Baht Has Biggest Monthly Drop Since September on Fund Outflows
The baht touched the lowest level since August 2010 as exchange data showed international investors sold $475 million more Thai equities than they bought this month. The MSCI Asia- Pacific Index (MXAP) of stocks saw the biggest monthly drop in more than three years after Spanish credit-default swaps surged to a record yesterday. The European Union accounted for 8.6 percent of Thailand’s exports in the first four months of 2012, official data show.
“With the risk aversion, investors are selling the risky assets, weighing on the baht,” said Paisarn Lertkowit, a currency trader at Bangkok Bank Pcl. (BBL) “Investors are worried about Europe and are looking at which countries are the most affected by the slowdown in growth. Most Asian countries are vulnerable to a slowdown in the global economy as exports account for a large part of their economies.”
The baht, little changed today, slumped 3.5 percent this month to 31.86 per dollar as of 3:19 p.m. in Bangkok, according to data compiled by Bloomberg. The currency touched 31.96 earlier, the weakest level since August 2010. One-month implied volatility, a measure of foreign-exchange swings used to price options, was unchanged today and this month at 4.52 percent.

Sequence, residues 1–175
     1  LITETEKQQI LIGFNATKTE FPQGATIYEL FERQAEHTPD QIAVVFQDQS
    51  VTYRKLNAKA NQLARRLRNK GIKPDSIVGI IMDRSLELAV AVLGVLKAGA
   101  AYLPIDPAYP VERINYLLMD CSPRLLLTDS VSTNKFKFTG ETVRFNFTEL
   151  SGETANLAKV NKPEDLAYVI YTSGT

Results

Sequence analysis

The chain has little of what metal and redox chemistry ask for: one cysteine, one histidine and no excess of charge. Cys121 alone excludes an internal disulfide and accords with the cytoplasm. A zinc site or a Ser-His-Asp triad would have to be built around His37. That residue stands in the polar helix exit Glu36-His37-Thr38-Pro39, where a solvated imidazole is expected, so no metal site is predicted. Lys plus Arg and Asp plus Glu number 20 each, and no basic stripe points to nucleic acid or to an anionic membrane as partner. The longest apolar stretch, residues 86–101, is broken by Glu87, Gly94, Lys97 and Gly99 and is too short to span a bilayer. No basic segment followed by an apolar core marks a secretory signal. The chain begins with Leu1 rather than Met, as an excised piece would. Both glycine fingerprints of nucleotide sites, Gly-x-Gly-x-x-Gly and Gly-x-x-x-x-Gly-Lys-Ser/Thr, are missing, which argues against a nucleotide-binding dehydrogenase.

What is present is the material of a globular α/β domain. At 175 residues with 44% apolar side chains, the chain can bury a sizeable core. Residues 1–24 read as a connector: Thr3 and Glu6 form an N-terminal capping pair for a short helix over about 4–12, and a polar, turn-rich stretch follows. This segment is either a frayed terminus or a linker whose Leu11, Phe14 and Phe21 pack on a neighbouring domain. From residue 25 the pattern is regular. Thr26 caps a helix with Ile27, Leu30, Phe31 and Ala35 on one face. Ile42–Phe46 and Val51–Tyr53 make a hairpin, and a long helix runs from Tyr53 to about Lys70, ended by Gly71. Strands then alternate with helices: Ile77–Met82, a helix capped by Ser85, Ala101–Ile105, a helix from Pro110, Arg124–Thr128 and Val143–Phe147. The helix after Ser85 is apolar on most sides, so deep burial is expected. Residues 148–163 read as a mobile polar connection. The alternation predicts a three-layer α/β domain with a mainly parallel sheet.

The baht has weakened because of the dollar’s strength and Europe’s problems, Singhachai Boonyayotin, the Bank of Thailand’s director, said today.
The yield on the 3.25 percent debt due June 2017 slid six basis points, or 0.06 percentage point, to 3.56 percent in May, according to data compiled by Bloomberg. The rate rose one basis point today.
Thailand recorded a current-account deficit for the second straight month in April as weakening global demand curbed exports. The deficit was $1.52 billion, matching the amount reported for March, the Bank of Thailand said today. Exports dropped 3.5 percent in April after a decline of 6.8 percent the previous month, the central bank report also showed.
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